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Less than 24 hours after revealing a major security breach that compromised the accounts of millions of users, restaurant search service Zomato revealed that it has engaged with the hacker responsible and has agreed to meet certain conditions in exchange for the stolen data being removed from the dark web.

To recap, India-based Zomato, which claims around 120 million users each month, revealed yesterday that around 17 million email addresses and hashed passwords had been stolen, but it later clarified that 60 percent of those accounts actually used third-party OAuth services — such as Facebook and Google — to log in. But that still left around 7 million users vulnerable, particularly if they used the same email / password combination on other services.

Though Zomato had sought to assure the affected users that their passwords could not easily be decrypted, it seems that was not necessarily the case, with some security experts claiming they were able to decrypt some passwords relatively quickly and others pouring scorn on Zomato’s cryptographic efforts.

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The party claiming responsibility for the hack told Motherboard that they had found the vulnerability in Zomato’s infrastructure around a year ago and that after reporting it to the company had heard nothing back. So they went medieval on Zomato by posting the data for sale on the dark web, which led Zomato to “open a line of communication” with the hacker, who it turns out was “very cooperative.”

“He/she wanted us to acknowledge security vulnerabilities in our system and work with the ethical hacker community to plug the gaps,” explained Zomato’s chief technologist, Gunja Patidar. “His/her key request was that we run a healthy bug bounty program for security researchers.”

And so that is exactly what Zomato says that it will do. Though the company has had an active profile on HackerOne for more than a year, it has hitherto failed to offer financial incentives for ethical hackers wishing to submit bug reports. Moving forward, that will change.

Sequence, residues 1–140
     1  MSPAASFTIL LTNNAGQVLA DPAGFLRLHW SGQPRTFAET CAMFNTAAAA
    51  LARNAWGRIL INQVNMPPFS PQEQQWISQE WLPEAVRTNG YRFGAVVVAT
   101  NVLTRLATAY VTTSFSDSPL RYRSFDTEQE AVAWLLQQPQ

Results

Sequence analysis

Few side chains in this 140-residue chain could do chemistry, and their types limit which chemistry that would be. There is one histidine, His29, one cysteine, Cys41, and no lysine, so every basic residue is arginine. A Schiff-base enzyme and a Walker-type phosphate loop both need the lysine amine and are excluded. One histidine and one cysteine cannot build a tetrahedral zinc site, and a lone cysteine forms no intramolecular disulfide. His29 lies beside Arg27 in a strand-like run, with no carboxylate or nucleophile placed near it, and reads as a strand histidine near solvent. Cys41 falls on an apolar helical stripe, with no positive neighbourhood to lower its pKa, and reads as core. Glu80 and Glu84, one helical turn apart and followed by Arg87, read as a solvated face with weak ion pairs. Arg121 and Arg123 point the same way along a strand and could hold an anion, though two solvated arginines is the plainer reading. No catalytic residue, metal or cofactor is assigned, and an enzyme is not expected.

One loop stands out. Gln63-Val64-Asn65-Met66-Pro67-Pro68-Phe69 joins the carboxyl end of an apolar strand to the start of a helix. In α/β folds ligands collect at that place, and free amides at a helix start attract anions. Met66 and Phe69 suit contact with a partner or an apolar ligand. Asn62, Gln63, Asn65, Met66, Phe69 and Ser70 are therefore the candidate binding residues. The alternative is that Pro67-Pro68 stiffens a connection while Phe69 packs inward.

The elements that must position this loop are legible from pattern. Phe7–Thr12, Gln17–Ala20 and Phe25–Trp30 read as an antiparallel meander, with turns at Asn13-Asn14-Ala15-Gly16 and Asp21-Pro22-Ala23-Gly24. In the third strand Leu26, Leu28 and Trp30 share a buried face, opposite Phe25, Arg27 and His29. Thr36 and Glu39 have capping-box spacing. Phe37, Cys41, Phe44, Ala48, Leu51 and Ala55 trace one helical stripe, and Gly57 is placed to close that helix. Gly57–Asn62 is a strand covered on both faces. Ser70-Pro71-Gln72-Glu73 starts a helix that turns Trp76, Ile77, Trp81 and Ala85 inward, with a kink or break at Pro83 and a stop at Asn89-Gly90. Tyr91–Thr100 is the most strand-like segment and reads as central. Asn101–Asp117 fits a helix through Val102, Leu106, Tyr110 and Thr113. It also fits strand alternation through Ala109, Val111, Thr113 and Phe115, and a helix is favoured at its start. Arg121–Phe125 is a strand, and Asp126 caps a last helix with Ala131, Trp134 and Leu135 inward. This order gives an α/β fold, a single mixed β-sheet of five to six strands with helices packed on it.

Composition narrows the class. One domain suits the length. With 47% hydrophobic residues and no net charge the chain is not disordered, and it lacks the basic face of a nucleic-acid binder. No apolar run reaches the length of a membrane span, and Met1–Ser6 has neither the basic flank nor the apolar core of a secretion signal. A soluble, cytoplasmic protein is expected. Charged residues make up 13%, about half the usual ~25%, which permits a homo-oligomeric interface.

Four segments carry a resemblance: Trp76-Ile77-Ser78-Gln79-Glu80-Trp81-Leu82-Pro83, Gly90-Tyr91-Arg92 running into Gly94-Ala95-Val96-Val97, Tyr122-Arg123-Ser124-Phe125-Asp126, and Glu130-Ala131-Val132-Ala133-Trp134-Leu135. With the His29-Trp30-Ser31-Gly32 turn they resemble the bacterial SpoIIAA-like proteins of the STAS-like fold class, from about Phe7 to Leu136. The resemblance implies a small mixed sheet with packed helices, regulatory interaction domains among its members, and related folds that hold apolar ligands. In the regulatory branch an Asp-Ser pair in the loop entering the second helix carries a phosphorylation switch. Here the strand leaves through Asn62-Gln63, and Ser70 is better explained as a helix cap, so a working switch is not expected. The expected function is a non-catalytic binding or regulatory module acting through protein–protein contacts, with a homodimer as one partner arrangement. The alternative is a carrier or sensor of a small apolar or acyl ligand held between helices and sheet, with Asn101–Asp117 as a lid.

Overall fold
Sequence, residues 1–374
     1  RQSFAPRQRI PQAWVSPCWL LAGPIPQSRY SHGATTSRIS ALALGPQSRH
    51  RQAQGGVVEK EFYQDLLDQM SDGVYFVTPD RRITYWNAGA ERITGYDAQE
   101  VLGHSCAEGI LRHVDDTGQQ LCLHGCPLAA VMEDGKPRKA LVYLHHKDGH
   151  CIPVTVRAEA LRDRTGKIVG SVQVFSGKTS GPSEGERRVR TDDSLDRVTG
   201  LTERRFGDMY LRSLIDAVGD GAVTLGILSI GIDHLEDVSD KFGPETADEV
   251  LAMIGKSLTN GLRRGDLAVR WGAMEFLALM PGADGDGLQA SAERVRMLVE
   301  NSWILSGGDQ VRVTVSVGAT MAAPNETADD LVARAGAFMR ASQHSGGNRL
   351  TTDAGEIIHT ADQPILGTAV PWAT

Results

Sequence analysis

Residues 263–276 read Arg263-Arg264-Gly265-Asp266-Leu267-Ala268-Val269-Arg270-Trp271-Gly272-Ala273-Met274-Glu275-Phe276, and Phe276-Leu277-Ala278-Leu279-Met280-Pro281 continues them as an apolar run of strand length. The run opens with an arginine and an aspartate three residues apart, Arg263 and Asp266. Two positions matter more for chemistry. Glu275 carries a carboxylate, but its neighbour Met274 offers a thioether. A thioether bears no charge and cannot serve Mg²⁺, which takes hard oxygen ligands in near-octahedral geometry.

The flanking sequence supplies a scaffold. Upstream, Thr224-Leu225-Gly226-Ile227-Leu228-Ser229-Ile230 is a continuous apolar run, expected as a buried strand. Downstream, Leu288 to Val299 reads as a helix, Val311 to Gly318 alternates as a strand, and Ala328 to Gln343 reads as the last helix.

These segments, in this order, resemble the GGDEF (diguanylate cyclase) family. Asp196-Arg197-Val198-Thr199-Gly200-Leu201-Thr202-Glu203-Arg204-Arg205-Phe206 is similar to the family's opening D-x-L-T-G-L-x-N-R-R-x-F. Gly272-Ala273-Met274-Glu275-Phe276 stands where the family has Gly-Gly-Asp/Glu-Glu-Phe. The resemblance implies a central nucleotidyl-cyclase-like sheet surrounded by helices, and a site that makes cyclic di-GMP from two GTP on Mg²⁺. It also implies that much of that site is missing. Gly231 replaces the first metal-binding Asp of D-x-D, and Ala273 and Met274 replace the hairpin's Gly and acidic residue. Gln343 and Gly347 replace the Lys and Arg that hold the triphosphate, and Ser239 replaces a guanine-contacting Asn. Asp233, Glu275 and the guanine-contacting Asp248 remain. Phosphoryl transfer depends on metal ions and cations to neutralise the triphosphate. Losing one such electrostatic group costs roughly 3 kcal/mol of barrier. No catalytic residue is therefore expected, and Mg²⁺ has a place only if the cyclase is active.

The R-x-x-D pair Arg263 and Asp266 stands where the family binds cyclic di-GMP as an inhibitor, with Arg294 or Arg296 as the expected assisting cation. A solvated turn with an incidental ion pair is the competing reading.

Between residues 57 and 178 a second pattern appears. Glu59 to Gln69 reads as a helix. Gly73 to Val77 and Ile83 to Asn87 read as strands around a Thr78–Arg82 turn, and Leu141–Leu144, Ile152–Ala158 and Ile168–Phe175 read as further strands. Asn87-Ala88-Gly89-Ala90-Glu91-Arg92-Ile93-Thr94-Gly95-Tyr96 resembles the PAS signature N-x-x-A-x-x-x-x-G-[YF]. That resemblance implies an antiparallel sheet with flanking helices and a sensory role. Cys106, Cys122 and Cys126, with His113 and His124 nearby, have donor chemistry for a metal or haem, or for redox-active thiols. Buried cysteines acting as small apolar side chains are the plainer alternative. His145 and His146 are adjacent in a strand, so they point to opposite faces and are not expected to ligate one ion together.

“We are introducing a bug bounty program on Hackerone very soon,” continued Patidar. “With that assurance, the hacker has in turn agreed to destroy all copies of the stolen data and take the data off the dark web marketplace. The marketplace link which was being used to sell the data on the dark web is no longer available.”

While the link to the stolen data on the dark web has been removed, there is no guarantee that the data will be destroyed, of course. But given the alleged hacker’s suggested course of action, there is every reason to believe that this is the work of a genuine ethical hacker. And it will hopefully have the desired effect of ensuring Zomato improves its online security.

“This incident has made our team’s commitment to addressing all our security issues in a responsible and timely manner even stronger,” added Patidar. “We look forward to working more closely with the ethical hacker community, to make Zomato a safer place for our users.”

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